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Planning for Brexit

Planning for Brexit

In a referendum on the 23rd of June 2016 the UK electorate voted to leave the EU. As a result the changing relationship between the UK and Ireland will  be determined between EU and UK parliamentarians. The impacts on individuals and businesses in Ireland and the UK will range between minor where the agreement reached is similar to that between Norway and the EU, to major where the trade between the EU and the UK comes under the World Trade Organisation (WTO) tariff regime and labourr movement between the EU and the UK is curtailed.

Seamless Border


The Exchange Rate

In September 1992 Britain  adopted a floating exchange rate system after withdrawing the pound sterling from the European Exchange Rate Mechanism (ERM). The Brexit factor has already kicked in with a weakening of the pound against the euro and the dollar in this floating exchange rate system. The impacts may vary dependant on the types of goods and services.

The effects will be:
 1. The Higher prices of imported goods should spell a drop in demand.
 2. Exports should see a rise in demand because of the falling value of Sterling.

Euro/GBP Exchange Rate

Source: Graph compiled from Central Bank of Ireland Data

USD/GBD Exchange Rate
Source: Graph compiled from Central Bank of Ireland Data

Business Sector Analysis

The methodology BPPM shall be using to measure potential impacts on sectoral businesses is an econometric model. This model focuses on the behavior of the Irish and UK economies in terms of gross domestic product, product consumption,  employment, product imports and product exports using variables such as tarriffs, exchange rates, and interest rates.The price elasticity of demand for products is the degree to which demand for a good or service varies with its price. Price elasticity of demand varies both within and between sectors dependent on  factors such as:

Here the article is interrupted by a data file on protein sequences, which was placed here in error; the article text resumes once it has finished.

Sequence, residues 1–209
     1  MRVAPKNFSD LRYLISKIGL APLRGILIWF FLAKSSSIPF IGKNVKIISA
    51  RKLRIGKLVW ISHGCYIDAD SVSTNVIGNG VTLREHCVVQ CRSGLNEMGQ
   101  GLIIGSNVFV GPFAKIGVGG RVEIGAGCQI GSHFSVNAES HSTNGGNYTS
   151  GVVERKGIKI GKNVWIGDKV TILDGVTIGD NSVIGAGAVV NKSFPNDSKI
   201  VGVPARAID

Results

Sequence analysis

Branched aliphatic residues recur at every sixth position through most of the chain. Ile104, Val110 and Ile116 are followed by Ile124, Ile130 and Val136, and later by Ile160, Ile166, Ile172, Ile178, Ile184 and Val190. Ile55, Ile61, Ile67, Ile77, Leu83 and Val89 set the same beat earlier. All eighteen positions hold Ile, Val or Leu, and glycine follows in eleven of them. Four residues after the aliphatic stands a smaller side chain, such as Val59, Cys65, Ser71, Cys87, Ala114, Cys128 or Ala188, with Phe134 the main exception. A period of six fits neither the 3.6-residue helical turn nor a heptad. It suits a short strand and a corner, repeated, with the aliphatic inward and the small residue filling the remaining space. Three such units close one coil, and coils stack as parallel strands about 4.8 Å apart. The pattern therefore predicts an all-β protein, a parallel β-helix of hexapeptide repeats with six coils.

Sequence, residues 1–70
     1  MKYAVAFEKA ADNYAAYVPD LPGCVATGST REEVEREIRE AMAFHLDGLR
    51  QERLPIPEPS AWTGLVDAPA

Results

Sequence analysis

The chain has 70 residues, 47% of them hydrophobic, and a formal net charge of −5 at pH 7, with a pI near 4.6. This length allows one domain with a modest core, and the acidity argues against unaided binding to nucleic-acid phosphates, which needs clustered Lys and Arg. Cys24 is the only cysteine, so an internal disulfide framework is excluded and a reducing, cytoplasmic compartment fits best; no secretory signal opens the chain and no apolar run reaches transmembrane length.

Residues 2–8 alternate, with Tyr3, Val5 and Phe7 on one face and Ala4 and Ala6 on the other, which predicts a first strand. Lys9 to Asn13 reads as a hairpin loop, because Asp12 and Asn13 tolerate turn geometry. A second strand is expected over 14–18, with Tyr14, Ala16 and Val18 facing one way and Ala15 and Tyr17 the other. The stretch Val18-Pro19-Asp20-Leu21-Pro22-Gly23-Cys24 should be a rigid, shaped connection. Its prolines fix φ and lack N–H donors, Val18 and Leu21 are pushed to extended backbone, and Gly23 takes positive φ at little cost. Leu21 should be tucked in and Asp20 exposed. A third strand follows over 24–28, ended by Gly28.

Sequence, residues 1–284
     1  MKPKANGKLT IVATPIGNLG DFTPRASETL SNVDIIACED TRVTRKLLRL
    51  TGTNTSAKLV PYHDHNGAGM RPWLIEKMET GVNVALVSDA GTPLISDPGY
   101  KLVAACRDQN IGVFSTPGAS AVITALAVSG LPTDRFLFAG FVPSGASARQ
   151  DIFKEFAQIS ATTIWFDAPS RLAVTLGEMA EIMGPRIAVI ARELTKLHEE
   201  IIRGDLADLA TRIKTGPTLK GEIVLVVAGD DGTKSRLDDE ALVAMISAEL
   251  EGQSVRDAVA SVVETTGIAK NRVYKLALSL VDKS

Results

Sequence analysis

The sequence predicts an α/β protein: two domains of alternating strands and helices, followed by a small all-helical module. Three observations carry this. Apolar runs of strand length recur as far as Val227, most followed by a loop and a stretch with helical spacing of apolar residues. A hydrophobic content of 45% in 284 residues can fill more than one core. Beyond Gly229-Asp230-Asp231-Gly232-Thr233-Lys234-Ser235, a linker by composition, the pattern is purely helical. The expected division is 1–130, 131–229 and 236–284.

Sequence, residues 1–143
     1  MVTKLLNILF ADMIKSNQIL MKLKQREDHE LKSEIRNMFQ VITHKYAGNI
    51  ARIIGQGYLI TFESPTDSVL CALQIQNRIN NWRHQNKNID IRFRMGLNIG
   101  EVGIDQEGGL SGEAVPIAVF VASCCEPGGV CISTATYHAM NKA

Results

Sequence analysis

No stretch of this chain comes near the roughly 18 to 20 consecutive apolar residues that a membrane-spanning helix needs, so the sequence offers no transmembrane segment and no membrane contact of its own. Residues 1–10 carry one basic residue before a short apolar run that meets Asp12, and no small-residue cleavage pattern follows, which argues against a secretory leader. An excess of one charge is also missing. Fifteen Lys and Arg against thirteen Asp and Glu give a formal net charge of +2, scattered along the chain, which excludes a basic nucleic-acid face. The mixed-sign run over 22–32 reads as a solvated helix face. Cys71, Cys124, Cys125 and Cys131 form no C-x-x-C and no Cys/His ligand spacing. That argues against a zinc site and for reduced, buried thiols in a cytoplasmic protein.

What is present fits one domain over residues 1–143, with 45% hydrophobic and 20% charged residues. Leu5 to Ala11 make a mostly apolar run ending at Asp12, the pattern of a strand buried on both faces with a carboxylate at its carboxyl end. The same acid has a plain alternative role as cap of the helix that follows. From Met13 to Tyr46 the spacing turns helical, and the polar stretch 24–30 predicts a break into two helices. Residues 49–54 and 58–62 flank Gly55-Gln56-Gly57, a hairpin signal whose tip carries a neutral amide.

1. - Availability of Substitutes

2. - Definition of Product 

3. - Number of Product Uses

The USA and the UK are by far, Ireland’s largest trading partners. The impact of currency changes is reflected by the fact that exports to the UK decreased from 12.29% (€13.8.4bn) 2015 to 11.39% (€13.31bn) in 2016.

Irish Exports 2015 and 2016

The impacts of price changes brought about because of exchange rates and tariffs can be examined for good and services within the following sectors.

Food and Live Animals
Crude Materials, Inedible, Except Fuels
Animal and Vegetable Oils, Fats and Waxes
Manufactured Goods Classified Chiefly by Material
Miscellaneous Manufactured Articles
Beverages and Tobacco  
Mineral Fuels, Lubricants and Related Materials
Chemicals and Related Products, n.e.s.  
Machinery and Transport Equipmentt 
Commodities and Transactions n.e.s.  

Irish Exports Classified by Commodity 2014-2016

Irish Exports Classified by Commodity 2014-2016

Changes in Irish Exports to Great Britain and Globally 

Changes in Irish Exports to Great Britain and Globally

Source: Chart compiled from Central Statistics Office Data

% Change in Irish Exports to Great Britain

Effects of Brexit on the UK and Ireland Economies

The formula for an economy’s annual gross domestic product GDP is the sum total of C + G + (X – M), where C, and G represent consumer spending and government spending. (X – M) which represents exports minus imports, or net exports. If exports exceed imports, the net exports figure would be positive, indicating that the nation has a trade surplus. If exports are less than imports, the net exports figure would be negative, and the nation has a trade deficit.

Irish Imports & Exports 1992 - 2016         Personal Consumption

Local Government Expenditure          Gross Domestic Product
Source: Figures from Central Statistics Office (CSO)

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